These days, it seems like apple cider vinegar is everywhere, particularly for those that believe it helps their digestion. But what if your recipe calls for a bit of this ingredient and you have none around? It’s probably a good idea to know what other ingredients you can use instead.
What Is Apple Cider Vinegar?
This vinegar is the result of fermenting apple juice until it becomes acidic. This food item has been around in vinaigrette, salads, chutney, sauces, and marinades for many years.
Vinegar has long shelf life. While apple cider vinegar (ACV) is often part of alternative medicinal practices, there is no sound evidence to suggest that it has true health properties.
Still, this ingredient is important when pickling foods, or adding acid to the cooking process. Because it comes from apples, this vinegar is a bit sweeter and darker in color.
What Can I Replace Apple Cider Vinegar With?
If you are about to start cooking and can’t find this ingredient, these apple cider vinegar substitutes are just what you need for any recipe:
Best For Pulled Pork, Ribs, and BBQ Sauce
#1. Lemon or Lime Juice
Since apple cider vinegar is used in many recipes to add acid and sweetness, a good replacement is using lemon or lime juice. This option works well in making a BBQ sauce, cooking ribs, pulled pork, and other thick sauces.
You can use both lemon or lime, but lemon will add more sweetness to the dish, so use this if available.
Finding lemons or limes shouldn’t be too hard, as surely you will find them in any grocery or even convenience store. For added sweetness, you can sprinkle a bit of brown sugar while you cook. Add one tablespoon of lemon or lime juice for every tablespoon of apple cider vinegar.
See more: Lemon Juice Alternatives
#2. Rice Wine Vinegar
Rice wine vinegar is sour and sweet, which is a great thing when you need to replace apple cider vinegar. Normally, this vinegar is reserved for Asian cuisines, but it will work well in making BBQ dishes, like sauce, pulled pork, ribs, and even coleslaw.
You can add the same amount of rice wine vinegar that your recipe calls for.
If you decide to go with rice wine vinegar, try buying it at the local grocery store or an organic market. You can add a bit more sugar if you want as you go, but start without it, as this vinegar is very sweet.
#3. Red Wine Vinegar
This vinegar comes from the fermentation of red wine into acetic acid, so it still has a bit of that fruity flavor from the grapes. You can add it to any dark sauce, like BBQ, or dishes like stews, brisket, pulled pork, or ribs.
Since it comes from sweet fruit, this vinegar isn’t necessarily as acidic, so you should add ½ a tablespoon more for every tablespoon of apple cider vinegar.
You can find red wine vinegar in any grocery store, usually by the marinades and dressings section. This choice also works great in making salad dressings. If you feel that this choice needs more tartness, add a splash of lime juice as well.
See More: Red Wine Vinegar Substitutes
Best For Pickles, Bone Broth, Sweet and Sour Sauce, and Salad Dressing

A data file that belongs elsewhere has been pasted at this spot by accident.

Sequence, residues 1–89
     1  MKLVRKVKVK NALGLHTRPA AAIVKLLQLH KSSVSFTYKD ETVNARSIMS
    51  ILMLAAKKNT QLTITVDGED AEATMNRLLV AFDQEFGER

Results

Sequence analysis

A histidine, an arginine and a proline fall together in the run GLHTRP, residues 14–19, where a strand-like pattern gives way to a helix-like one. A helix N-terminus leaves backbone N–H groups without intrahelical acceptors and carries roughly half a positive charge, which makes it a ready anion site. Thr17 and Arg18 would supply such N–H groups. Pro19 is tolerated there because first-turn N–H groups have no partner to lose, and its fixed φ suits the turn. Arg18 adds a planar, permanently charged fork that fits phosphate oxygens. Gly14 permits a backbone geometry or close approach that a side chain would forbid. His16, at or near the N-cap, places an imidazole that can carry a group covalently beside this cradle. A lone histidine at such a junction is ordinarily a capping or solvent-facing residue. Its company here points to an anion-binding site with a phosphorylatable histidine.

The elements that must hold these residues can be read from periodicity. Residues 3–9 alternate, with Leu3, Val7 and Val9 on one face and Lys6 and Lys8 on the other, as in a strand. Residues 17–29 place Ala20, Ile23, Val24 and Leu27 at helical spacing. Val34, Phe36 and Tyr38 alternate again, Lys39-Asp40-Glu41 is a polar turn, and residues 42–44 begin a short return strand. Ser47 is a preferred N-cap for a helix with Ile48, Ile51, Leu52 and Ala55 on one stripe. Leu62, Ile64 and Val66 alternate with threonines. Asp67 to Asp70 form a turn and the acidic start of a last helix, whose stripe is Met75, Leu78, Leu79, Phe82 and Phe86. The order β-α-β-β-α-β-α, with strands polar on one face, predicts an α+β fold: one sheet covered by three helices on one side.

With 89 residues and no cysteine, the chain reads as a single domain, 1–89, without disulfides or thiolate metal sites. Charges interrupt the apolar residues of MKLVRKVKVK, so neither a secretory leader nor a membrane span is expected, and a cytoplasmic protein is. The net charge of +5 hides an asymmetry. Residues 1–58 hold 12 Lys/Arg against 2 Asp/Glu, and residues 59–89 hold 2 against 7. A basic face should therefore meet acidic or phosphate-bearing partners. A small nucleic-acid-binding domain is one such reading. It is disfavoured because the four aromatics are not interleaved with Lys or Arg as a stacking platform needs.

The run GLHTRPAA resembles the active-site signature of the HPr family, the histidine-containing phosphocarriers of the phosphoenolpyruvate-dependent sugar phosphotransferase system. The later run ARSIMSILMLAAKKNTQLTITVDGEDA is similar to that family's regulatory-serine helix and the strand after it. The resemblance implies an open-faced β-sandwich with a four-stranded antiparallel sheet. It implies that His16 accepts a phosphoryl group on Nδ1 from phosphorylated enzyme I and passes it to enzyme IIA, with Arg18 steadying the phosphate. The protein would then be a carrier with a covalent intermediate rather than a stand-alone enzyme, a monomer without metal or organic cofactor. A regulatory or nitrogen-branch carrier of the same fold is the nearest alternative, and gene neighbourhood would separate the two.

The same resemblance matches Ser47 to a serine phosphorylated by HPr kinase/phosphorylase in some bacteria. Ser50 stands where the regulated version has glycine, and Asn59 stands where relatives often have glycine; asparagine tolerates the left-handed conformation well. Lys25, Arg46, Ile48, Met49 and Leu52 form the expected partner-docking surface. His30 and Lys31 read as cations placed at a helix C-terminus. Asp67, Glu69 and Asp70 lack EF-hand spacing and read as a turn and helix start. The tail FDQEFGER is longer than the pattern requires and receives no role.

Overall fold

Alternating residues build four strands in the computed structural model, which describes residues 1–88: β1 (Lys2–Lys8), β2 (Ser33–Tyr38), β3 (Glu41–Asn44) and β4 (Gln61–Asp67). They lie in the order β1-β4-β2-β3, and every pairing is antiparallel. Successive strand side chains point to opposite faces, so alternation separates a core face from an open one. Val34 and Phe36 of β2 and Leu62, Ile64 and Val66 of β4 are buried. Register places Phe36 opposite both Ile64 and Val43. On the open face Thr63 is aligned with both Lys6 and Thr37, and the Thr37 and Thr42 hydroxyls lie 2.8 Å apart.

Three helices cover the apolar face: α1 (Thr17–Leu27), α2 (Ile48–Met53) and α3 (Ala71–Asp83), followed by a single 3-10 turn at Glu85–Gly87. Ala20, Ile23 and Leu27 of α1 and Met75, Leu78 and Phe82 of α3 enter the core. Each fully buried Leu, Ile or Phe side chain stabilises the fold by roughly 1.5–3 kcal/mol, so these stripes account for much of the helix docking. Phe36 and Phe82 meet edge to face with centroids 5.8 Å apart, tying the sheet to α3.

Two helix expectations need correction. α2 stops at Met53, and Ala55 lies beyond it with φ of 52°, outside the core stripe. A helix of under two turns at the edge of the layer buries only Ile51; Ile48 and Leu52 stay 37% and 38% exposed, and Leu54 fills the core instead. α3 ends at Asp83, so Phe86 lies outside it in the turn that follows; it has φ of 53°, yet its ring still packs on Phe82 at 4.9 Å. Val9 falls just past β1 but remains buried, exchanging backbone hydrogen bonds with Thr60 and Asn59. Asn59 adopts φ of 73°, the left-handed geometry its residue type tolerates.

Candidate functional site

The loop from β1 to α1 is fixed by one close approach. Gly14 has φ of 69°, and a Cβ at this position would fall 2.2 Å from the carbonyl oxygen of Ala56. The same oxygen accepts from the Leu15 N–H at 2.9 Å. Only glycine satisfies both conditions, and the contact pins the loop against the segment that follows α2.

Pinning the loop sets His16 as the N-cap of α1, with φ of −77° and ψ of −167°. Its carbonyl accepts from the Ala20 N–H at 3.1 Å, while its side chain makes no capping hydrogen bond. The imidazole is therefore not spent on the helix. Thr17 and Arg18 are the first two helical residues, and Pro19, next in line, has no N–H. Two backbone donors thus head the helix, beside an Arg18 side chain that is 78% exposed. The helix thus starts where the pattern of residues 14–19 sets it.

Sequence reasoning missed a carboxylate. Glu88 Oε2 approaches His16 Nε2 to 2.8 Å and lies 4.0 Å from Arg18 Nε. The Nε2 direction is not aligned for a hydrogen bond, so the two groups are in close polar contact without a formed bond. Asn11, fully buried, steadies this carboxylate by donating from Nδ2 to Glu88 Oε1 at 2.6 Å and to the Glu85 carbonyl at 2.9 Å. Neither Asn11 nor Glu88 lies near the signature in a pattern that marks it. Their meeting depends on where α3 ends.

#4. White Vinegar
Though this choice isn’t the finest ingredient out there, it does work when it comes to adding acidity. You can add this vinegar when you are pickling, making broth, sweet and sour sauces, or salad dressings. However, you may want to add a splash of lemon juice for a bit of more fruity flavor.
To substitute for apple cider vinegar, use the same amount of white vinegar, but taste as you go and add lemon juice, if necessary. You can buy white vinegar in any grocery or convenience store.
See more: White Wine Vinegar Substitution
#5. Sherry Vinegar
This vinegar is very different from the rest, as it comes from the fermentation of the fortified wine sherry. It still has a tartness to it, but it is also sweet and a bit nutty. You can use it in preparing sauces and marinades, like sweet and sour sauce or salad dressings.
Finding sherry vinegar may be a bit harder, but your local grocery store may have it. This vinegar is great for adding body and color, so try it first, and use it whenever you feel the flavors mix well.
#6. Champagne Vinegar
This vinegar, as the name suggests, is the product of fermenting champagne into acetic acid. The flavor is sharp and a bit tangy, but it also has a little bit of sweetness. This vinegar works great in making sauces, marinades, dressings, and even in some broths.
You can find champagne vinegar in any grocery store, as it is a common addition to salad dressings and vegetable dishes. Substitute apple cider vinegar for the same amount of champagne vinegar, but you may need to add a bit of sweetener as well.
Apple cider is an alcoholic drink, while apple cider vinegar doesn’t contain any alcohol. You can substitute apple cider with the vinegar form, but you have to keep in mind that it won’t add the fizziness or alcohol. Also, the dish may turn too acidic, so you may want to consider another choice.
White vinegar is much stronger in terms of tartness and aroma. Apple cider vinegar is much sweeter and only a bit tart in comparison to regular white vinegar.
Apple cider vinegar is an acetic acid, which is considered a natural disinfectant. While it can be added to homemade cleaners, white vinegar is a stronger cleaner. For the safest results, white vinegar and alcohol should be used.
While many drink apple cider vinegar for health reasons, it is also a common ingredient in plenty of recipes. If you need to find a replacement, try any of these substitutions that work wonders in various dishes, sauces, and marinades. You can even mix some of these for closer results in flavor and aroma.
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